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While the detection rate with ultrasound was comparable to that of mammography, "it looks like ultrasound does better than mammography for node-negative invasive cancer," said study leader Dr. Wendie Berg, professor of radiology at Magee-Womens Hospital of UPMC in Pittsburgh. Node-negative invasive cancer is cancer that hasn't invaded the lymph nodes, but has grown past the initial tumor, according to the U.S. National Cancer Institute.
"The downside [to ultrasound] is, there were more false positives," Berg said.
At least one expert doesn't expect this study to change current screening practice in the United States.
"For U.S. patients, what [this study] really confirms is, ultrasound should be used as a supplemental screening exam in dense breast patients," said Dr. Lusi Tumyan, a radiologist and assistant clinical professor at the City of Hope Cancer Center, in Duarte, Calif. She reviewed the findings but was not involved in the study.
"At this time we do not have enough data to support or refute ultrasound as a screening tool for average-risk patients," Tumyan said. The take-home message for women in the United States, she added, is to discuss their specific risks with their physician and decide together which screening test is best for them.
The study was published Dec. 28 in the Journal of the National Cancer Institute.
Ultrasound is generally used as a follow-up test once a potential breast tumor has been discovered through a mammogram or a physical exam, according to the American Cancer Society (ACS). The ACS says that ultrasound is a valuable tool that's widely available and noninvasive.
The new study involved 2,600 women living in the United States, Canada and Argentina who had ultrasound and mammogram annually for three years. They had no symptoms of breast cancer at the study's start, but they did have dense breast tissue -- considered a risk factor for breast cancer -- plus at least one other risk factor for breast cancer.
Separate radiologists interpreted each of the two scans the women received.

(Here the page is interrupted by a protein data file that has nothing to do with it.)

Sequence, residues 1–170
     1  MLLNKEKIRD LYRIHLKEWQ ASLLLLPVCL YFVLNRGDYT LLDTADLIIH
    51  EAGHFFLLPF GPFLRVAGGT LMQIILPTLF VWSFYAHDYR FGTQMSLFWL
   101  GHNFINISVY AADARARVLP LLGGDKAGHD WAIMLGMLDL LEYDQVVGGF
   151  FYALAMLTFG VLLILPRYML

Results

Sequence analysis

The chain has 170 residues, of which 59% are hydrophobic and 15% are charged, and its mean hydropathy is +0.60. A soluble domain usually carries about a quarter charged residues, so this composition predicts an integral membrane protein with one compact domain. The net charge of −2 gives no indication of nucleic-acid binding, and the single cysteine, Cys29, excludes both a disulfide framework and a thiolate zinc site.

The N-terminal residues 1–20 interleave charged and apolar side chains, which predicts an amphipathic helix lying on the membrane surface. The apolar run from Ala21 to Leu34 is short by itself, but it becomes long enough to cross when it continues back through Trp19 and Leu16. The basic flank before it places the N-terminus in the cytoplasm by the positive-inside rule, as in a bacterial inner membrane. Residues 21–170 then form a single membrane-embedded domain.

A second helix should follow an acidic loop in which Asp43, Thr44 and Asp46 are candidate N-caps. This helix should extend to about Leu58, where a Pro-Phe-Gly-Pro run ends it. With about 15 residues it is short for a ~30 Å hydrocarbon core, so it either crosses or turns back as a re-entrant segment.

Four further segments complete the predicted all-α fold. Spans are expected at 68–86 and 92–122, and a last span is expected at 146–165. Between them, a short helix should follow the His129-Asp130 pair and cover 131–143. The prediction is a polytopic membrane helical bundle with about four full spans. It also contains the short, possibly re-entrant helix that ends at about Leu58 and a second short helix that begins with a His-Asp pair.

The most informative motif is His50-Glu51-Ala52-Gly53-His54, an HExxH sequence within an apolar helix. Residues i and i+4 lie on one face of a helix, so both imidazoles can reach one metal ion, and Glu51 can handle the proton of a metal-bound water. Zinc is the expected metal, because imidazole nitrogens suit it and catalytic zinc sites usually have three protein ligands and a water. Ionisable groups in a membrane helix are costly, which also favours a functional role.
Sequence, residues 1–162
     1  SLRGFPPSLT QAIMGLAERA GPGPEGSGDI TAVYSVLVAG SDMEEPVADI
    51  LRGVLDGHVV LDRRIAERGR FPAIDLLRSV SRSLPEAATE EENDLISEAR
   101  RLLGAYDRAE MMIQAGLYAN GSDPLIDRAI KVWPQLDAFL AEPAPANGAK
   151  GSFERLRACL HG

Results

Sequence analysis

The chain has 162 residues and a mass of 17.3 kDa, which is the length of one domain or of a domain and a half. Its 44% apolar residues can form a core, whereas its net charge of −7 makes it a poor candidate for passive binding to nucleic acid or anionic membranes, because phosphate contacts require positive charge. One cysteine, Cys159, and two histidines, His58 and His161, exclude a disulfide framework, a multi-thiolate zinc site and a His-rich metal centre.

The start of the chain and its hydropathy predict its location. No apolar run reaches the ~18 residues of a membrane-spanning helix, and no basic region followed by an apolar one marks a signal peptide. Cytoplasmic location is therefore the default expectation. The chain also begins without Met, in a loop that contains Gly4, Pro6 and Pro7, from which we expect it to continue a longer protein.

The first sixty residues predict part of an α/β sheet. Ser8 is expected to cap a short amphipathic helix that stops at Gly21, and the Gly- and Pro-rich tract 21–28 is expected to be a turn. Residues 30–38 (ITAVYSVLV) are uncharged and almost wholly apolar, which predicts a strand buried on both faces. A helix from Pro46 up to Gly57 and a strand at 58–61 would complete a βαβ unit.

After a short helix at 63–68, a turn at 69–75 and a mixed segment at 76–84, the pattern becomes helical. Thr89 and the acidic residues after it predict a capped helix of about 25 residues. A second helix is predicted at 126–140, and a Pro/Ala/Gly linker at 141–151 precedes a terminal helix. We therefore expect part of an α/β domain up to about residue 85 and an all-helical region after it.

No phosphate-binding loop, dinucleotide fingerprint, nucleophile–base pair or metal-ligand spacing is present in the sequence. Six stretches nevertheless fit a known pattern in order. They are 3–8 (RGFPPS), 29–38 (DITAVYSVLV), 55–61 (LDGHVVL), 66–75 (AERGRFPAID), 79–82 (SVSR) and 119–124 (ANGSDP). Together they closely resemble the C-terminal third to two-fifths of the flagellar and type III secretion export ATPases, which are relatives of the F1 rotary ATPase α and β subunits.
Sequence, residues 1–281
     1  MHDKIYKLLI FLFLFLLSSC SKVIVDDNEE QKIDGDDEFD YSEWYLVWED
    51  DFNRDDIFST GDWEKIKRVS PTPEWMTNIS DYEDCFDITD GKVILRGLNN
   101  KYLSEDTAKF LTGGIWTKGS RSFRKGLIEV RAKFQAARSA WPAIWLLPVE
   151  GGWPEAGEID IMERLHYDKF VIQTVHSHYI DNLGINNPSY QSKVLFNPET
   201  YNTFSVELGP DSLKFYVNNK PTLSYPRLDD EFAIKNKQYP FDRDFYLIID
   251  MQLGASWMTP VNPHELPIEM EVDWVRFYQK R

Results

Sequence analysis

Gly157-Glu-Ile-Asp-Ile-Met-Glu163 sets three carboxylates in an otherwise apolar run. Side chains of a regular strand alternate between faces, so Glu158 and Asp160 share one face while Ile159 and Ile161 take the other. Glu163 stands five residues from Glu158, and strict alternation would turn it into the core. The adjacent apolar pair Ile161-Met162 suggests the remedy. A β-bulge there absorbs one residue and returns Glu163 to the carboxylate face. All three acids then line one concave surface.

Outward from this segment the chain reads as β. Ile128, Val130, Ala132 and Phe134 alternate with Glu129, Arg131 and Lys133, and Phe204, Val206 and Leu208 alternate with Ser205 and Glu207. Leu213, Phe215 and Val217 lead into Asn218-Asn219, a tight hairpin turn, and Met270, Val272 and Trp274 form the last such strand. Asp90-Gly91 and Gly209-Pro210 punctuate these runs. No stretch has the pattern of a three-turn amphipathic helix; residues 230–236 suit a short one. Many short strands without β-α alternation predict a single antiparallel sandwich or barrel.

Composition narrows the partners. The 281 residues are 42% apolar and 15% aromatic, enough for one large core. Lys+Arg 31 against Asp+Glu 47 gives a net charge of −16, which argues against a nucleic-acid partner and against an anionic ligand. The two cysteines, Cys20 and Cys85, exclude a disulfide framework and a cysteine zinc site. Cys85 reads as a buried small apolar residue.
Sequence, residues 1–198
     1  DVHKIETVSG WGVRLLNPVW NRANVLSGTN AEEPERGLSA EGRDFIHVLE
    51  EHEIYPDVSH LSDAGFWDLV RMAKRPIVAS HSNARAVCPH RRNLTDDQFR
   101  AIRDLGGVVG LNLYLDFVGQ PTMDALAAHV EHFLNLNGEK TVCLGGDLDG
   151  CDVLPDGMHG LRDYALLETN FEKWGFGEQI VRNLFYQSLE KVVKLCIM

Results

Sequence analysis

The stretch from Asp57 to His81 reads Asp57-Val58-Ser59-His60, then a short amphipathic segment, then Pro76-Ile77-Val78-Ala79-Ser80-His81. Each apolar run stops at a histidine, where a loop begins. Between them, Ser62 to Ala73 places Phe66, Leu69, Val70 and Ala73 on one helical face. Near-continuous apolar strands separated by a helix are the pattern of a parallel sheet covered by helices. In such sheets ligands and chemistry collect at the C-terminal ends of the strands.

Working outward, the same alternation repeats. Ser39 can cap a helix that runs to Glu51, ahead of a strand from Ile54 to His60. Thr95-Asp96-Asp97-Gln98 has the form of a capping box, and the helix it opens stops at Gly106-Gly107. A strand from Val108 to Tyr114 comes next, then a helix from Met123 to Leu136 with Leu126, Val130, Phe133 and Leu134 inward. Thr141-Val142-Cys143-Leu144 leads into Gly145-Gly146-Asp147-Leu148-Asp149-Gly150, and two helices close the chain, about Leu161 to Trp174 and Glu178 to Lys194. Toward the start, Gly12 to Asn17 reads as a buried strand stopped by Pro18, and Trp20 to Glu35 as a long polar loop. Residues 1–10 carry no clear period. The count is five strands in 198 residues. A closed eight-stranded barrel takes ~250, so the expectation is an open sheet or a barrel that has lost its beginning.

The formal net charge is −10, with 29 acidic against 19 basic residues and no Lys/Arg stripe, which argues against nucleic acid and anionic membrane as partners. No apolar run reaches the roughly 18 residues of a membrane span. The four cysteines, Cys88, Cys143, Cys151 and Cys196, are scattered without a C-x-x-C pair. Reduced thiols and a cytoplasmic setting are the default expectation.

At the end of the study, 110 women were diagnosed with breast cancer. Detection rates were similar between the two tests. Rates of false-positive results (where a scan erroneously suggests a tumor) were higher for ultrasound compared to mammography, the researchers reported.
Overall, the researchers found that 32 percent of more than 2,500 women without cancer were asked to come back for additional testing at least once after an ultrasound. That compared to 23 percent of women who'd had mammography, the study said.
Berg said the cost of mammography and ultrasound are comparable in the United States. "The issue is: what are the cancers we most need to find," she said. "The cancers you need to find are the invasive, node-negative ones. More of the cancers found with ultrasound were invasive and node-negative than those found with mammography."
Guidelines about breast cancer screening vary among organizations. Current ACS guidelines advise women to consider beginning screening at age 40, depending on individual risk factors. They then recommend that women undergo annual screening with mammography from ages 45 to 54. At age 55, the ACS suggests continuing annual screening or switching to screening every two years, depending on risk factors. Some women, due to family history or other risk factors, should also be screened with MRIs, according to the ACS.
Insurance coverage for breast ultrasounds also varies, according to Tumyan.
"Ultrasound coverage varies with different insurance companies and different state laws. California has passed a law that requires radiologists to inform patients if they have dense breasts. But California law does not require insurance companies to pay for supplemental screening. However, in other states, the dense breast law requires insurance companies to pay for supplemental screening," she explained.
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